It’s okay to not be okay.
This simple phrase has become my mantra since the beginning of my battle with anxiety and depression in my early teenage years. Yesterday was World Mental Health Day and it got me thinking about how I could share my story and help others in similar situations. Talking about mental health is something that many avoid because the topic tends to make people uncomfortable. Even I feel tightness in my chest as I type this post. But that’s why posts like this are so important. Breaking down the walls that surround mental health is the first step that will allow more people to share their struggles and not feel ashamed of their illness. I’ll say it— anxiety, depression, and the like are just as much diseases as diabetes and heart failure. They are equally dibilitating, but often overlooked and misunderstood. I’m here to end the stigma.
I say my journey with mental illness began in my teenage years, but looking back I can see tendencies that I had as a child which point to the issues I still face today. As a child, I recall obsessing over whether or not each door in our house was locked every night, constantly asking my mother, “Are they locked? Even the front door? Are you sure? Can you get up and check?” I also recall anger issues that I had as a child and teenager that have thankfully dissipated in later years. Unfortunately, mental illness is not something you can just flip a switch on and turn off. Wouldn’t that be great? People say things like “calm down,” “just breathe,” but the reality is that it’s not that simple. Would you tell a person having an asthma attack to “just breathe”? Of course not. But all too often those with invisible illness are not taken seriously because they don’t “look sick”.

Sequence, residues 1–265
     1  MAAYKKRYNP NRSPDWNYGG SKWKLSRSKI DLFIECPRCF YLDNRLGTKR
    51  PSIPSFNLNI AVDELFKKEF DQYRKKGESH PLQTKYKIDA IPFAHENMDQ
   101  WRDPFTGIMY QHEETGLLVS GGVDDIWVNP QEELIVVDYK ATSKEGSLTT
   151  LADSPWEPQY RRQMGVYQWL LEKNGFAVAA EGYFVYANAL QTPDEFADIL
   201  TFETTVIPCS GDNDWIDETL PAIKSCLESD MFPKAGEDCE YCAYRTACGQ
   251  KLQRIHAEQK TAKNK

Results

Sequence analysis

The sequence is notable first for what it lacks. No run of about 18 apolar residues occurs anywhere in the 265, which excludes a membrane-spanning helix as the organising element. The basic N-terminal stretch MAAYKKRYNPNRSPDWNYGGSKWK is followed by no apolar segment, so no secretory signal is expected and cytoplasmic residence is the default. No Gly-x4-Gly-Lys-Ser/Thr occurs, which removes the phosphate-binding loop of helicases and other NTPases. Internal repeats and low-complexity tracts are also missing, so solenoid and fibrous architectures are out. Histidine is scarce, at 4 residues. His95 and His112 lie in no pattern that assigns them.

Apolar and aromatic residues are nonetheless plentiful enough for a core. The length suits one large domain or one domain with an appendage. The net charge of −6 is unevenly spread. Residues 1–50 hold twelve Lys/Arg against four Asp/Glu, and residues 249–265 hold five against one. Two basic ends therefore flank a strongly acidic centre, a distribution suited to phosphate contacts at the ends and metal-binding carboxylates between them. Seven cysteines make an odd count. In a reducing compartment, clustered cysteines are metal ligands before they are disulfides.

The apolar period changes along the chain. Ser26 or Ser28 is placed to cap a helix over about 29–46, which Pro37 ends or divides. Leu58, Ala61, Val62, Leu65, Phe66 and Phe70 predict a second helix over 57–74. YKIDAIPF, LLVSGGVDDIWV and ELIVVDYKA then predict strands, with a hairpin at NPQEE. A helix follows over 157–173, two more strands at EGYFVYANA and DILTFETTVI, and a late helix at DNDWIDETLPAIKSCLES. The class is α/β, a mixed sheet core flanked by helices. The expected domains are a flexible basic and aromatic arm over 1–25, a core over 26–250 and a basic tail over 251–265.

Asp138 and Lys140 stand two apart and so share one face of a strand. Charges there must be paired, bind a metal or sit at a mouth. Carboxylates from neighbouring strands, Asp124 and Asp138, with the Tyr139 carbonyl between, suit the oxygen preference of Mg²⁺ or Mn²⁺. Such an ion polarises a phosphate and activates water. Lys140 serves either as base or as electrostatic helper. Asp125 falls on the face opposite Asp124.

I didn’t look sick. I still don’t. The beginning of my high school career was like anyone else’s. Between volleyball games, a boyfriend, and a great family, I should have been content with life. Unfortunately depression doesn’t believe in contentment. On the outside, my life was perfect, but I was fighting an eternal battle that will stay with me the rest of my life. The boyfriend I had at the time was verbally abusive which exacerbated my mental health problems. I was depressed. I hated myself. I stopped eating, I dropped weight (albeit not in the healthiest way). I hated getting out of bed in the mornings. Pretty soon I was self harming and wearing long sleeve shirts in mid May to hide the marks I left on my skin. Luckily I made a friend during this period of my life who had been through a similar situation and knew how to help me. My mother was and continues to be a solid rock for me. She has never judged me for what I go through, but has fiercely loved me at times I could not love myself. I’m forever grateful for those who saw that I was hurting and chose to intervene. Not everyone is as lucky as I have been.
According to statistics published by the World Health Organization, one in four adults experience some type of mental disease in their lifetime. Y’all, that’s over 300 million people worldwide. That’s your next door neighbor, your postman, your hair stylist, even the lady you sit next to in church every Sunday. Mental illness does not discriminate. It affects people all over the world and right next door.
It’s terrifying to go to war within your own mind and even worse when no one believes you. It still hurts to think that I know what it feels like to not want to wake up in the mornings. I have come so far since those days, and thinking back on them will always sting. While I still battle depression, anxiety, and panic attacks daily and thoughts of my past remain in the back of my mind, I can happily say I have more good days than bad ones. These invisible illnesses never go away. Never dismiss someone’s symptoms as a rough day or a bad mood. Like I said, we don’t have to look sick. Be kind, be empathetic, and remind yourself and those around you that it’s okay to not be okay.